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Exploratory Study Provides Early Evidence for PGx Chemo Response Predictor in Osteosarcoma


NEW YORK (GenomeWeb) – A team led by researchers from Radboud University in The Netherlands has published an early-stage study suggesting that a set of SNPs may be able to predict the outcomes of patients with osteosarcoma after standard chemotherapy treatment.

In the study, published last month in Clinical Cancer Research, the team identified five variants that were significantly associated with osteosarcoma patients' five-year progression-free survival. Individuals that carried zero or only one risk allele had a 100 percent five-year PFS compared to those with more than five alleles who had only a 42 percent rate of survival without advancement of their disease.

Melanie Hagleitner, the study's first author, told GenomeWeb in an email this week that she and her colleagues were interested in developing a way to better predict the outcomes of chemo-treated osteosarcoma patients after observing how little the standard treatment strategies for the disease have improved over the last few decades.

"Whereas in other forms of cancer clear progress has been made … either by the use of new drugs or by … risk stratification and subsequent treatment adjustments, in patients with osteosarcoma no substantial improvement in survival has been achieved," she wrote.

Overall, survival for patients with osteosarcoma — the most common primary malignant bone tumor in children and young adults — is only about 60 percent, the study authors wrote. Poor response to chemotherapy is understood to be the dominant contributor to this statistic.

In light of this, the Radboud group decided to pursue a candidate gene approach focused on chemotherapy response genes, initially genotyping 126 patients with osteosarcoma using the Illumina BeadArray platform to profile 381 SNPs in 54 genes known to be involved in the metabolism of the chemotherapy drugs cisplatin and doxorubicin, which are the mainstays of osteosarcoma first-line treatment.

Among this first sample set the researchers were able to successfully genotype 120 patients, and overall, they identified 23 SNPs with a statistically significant association with five-year PFS.

The team then set out to replicate or validate these variants in another 64 patients, 57 of which were successfully genotyped.

Nine of the initial 23 variants showed low call rates in the replication cohort, and so the group excluded them. That left 14 SNPs for analysis, five of which demonstrated an "improved association signal," the team wrote.

The researchers then took these five SNPs and created a genetic risk score dividing patients into four groups based on the number of risk alleles present — either zero to one allele, two to three, four to five, of more than five alleles.

PFS varied dramatically between the lowest and highest risk allele groups, with a five-year survival rate of 100 percent in patients with no alleles or one allele, and then dropped for each subsequent risk category down to about 42 percent in subjects with six or more alleles.

The researchers also looked at how the genetic risk score related to the presence of absence of metastasis, currently the most important conventional risk factor in the disease. The team concluded that the genetic risk information significantly improved the ability to predict PFS over the presence or absence of metastasis alone.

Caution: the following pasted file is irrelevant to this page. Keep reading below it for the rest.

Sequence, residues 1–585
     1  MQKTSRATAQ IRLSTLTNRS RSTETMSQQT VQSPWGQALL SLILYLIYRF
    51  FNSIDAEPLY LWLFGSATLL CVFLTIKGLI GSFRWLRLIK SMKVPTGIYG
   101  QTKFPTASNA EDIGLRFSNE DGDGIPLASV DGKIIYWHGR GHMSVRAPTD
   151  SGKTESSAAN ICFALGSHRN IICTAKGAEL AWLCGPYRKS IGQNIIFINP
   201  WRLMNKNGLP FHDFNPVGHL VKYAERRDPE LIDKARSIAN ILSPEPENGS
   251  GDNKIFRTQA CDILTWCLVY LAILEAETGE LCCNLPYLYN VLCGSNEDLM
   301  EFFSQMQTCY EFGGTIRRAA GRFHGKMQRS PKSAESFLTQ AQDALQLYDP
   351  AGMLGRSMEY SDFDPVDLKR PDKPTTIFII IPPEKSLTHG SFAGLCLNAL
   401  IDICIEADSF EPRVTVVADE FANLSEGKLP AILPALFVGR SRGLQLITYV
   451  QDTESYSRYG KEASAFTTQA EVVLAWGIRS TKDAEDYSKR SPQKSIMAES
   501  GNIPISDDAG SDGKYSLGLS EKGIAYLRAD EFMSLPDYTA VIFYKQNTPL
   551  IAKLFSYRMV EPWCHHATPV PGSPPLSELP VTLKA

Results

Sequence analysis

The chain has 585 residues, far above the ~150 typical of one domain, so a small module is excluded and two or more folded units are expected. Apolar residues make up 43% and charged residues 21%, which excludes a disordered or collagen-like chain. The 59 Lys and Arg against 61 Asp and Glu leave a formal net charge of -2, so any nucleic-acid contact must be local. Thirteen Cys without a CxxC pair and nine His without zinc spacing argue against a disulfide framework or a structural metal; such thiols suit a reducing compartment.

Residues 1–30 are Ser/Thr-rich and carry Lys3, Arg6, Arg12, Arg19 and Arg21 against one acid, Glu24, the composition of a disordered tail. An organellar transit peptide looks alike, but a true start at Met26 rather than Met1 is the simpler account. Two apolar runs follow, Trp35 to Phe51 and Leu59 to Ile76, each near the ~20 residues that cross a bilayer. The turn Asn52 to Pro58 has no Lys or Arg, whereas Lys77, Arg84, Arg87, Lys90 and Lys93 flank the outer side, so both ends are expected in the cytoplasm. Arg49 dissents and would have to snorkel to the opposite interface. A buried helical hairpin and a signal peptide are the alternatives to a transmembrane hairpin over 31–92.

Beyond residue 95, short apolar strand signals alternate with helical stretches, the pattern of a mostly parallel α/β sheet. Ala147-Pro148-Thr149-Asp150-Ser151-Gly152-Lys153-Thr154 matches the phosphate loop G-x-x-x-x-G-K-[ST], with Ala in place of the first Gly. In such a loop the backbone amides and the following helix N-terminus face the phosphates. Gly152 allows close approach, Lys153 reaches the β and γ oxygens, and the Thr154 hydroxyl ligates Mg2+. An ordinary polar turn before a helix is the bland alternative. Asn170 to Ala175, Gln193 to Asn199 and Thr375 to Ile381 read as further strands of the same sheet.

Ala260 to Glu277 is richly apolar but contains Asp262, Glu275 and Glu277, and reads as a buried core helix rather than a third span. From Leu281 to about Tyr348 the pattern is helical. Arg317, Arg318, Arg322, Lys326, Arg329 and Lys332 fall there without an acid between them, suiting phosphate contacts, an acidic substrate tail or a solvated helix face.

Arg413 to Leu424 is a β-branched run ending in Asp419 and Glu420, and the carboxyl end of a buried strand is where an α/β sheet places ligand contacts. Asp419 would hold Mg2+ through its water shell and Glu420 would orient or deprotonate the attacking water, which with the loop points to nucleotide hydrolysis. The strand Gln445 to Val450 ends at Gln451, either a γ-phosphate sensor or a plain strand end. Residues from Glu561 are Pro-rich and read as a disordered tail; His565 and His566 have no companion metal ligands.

Interestingly, the investigators did not find any link between the five SNPs they identified as being significantly linked to five-year PFS and patients' histological therapy response, which supports other research that has found that histological response may be of limited value in assessing treatment effectiveness in terms of long-term survival.

The team also looked for the presence of SNPs significantly associated with histological response, but none showed an improved signal in the analysis of both the initial and replication cohorts.

The authors acknowledged that though promising in opening a new door for more accurate prediction of outcomes and response to chemotherapy in osteosarcoma, the results raise many new questions about their ultimate clinical implications.

Importantly, it's unclear how patients who are predicted to be less responsive to cisplatin and doxorubicin should be treated. The authors wrote that both drugs have dose-limiting toxicities, so higher doses may not be a possibility for higher-risk patients. And if not with more chemo, it's still unclear how else high-risk patients should be treated or otherwise managed, although clinical trials are being conducted of targeted and other alternative therapies in osteosarcoma patients.

Hagleitner wrote that her team is now joining several other osteosarcoma study groups to more comprehensively investigate the influence of genetic polymorphisms on the course of the disease.

Before the team's initial results could become useful for clinical risk stratification, she said it will be important that the findings be replicated in additional cohorts, preferably in the context of a prospective clinical study.

She also stressed that because the Radboud group took a candidate gene approach, additional, more extensive studies with a more agnostic approach to variant discovery could help improve the predictive power of the team's initial five-SNP score, and would also be a logical next step.